Individuals use different business structures to achieve their goal of making profits. A business structure can be a sole proprietorship, an incorporated company or a partnership. Each of these business structures has its advantages and disadvantages but our interest here is on the operation of a partnership business.
A Partnership is a voluntary association of two or more persons acting together in business with a view to making profits. The legal requirement of partnership business in Nigeria is a minimum of two (2) and a maximum of twenty (20) individuals (this is however with the exception of a partnership of lawyers or accountants). In a partnership business, there are certain presumptions of law which guide the relationship of the partners. The fundamental presumption of law in all partnership is that of equality of the partners.
Some of the presumptions of law in a partnership include:
1. Presumption of equal capital contribution: the law presumes that each partner contributed equal capital to the partnership business. It does not matter that a partner contributed 90% of the capital and the other partner contributed 10% of the capital, the law will presume the partners contributed equally in the absence of any agreement to the contrary.
2. Presumption of equal share in Profit: the law presumes that the profits of the partnership business will be shared equally amongst the partners. In the absence of an express agreement, the law does not recognise that a partner contributed more resources that were used in making profit for the partnership and is therefore entitled to more remuneration than his co-partner(s). In the absence of express agreements, partners shall profit equally.
3. Presumption of equal Liability of the partners: if the partnership business incurs any liability in the course of doing business, each partner will contribute equally in satisfaction of such liability. If the partners intend anything to the contrary, there must be an agreement to that effect. For instance, a partner may agree to indemnify the other partners against any loss.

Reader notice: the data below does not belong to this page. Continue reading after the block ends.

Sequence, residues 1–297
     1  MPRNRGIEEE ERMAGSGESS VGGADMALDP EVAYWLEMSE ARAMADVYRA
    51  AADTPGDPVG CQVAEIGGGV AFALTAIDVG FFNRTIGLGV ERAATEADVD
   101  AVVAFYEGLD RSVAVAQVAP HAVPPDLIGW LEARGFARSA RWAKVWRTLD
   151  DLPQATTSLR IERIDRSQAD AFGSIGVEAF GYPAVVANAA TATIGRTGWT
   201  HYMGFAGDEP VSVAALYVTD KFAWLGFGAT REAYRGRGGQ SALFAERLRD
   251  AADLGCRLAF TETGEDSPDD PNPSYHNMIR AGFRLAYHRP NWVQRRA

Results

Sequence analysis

4. Presumption of gratuitous service ofa partner to the partnership: a partner’s service to the partnership is deemed to be gratuitous. The partner in charge of the day to day running of the partnership is not entitled to any wage or salary from the partnership business. If partners working for the partnership wish to be paid remuneration, there must an agreement to that effect.
5. Presumption of the addition of new members: new members can only be added to the partnership with the consent of all the existing partners. The consequence of this is that a partner can hold the entire partnership to ransom leading to the dictatorship of the minority
6. Presumption of dissolution upon exit of a partner. A partner may exit the partnership either voluntarily (by giving notice of intention to the other partners) or by death. In either case, the law presumes the partnership dissolved from the date of such notice or the date of the death of a partner.
7. Presumption against the expulsion of a partner by a majority of the other partners: Under the partnership law, a partner cannot be expelled from the partnership by the other partners for whatever reason. Where a partner starts working against the interest of the partnership, the only remedy of the other partners is to dissolve the partnership.
8. Presumption that the nature of the partnership business cannot be changed except with the consent of all the partners: the implication of this presumption is that the partners can only carry out the business for which the partnership was formed and cannot diversify except with the consent of all the partners. For example, if a partnership was formed for the object of selling clothes and there is a profitable business venture in agriculture, the partnership cannot take advantage of the business venture if any of the partners disagree.
These presumptions are, however, made subject to the overriding agreements of the partners. In order to rebut these presumptions of the partnership law, the partners need to draft a legal document called a “Partnership Agreement”. This is a document that regulates the relationship between the partners in a partnership business stating the obligations of each partner and it is also used to rebut some/all of the presumptions of partnership law. On this note, the first step to every successful partnership is drafting a partnership agreement that will be signed by all the partners.
Chimezie Ndubuisi is an Associate at the House of Laws, a law firm that specialises in the defense and advancement of the cause of equal rights and justice. He also advises clients on the best legal protection for their business transactions. He obtained his Bachelor of Laws degree from the university of Ibadan in 2016. He graduated from the Nigerian Law School and was called to the Nigerian Bar in 2018.
Disclaimer: This write-up is only for the purpose of information and is not intended to constitute a legal advice and the management of The Legal Diary shall not be responsible for any liability arising from the use of the information contained therein.
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He is a Double First Class lawyer from the prestigious University of Ibadan and the Nigerian Law School. Joseph is an Associate at Udo-Udoma and Belo-Osagie with interest in Corporate Law, Energy Law, Real Estate Law and Commercial Litigation. Joseph is also a Chartered Mediator.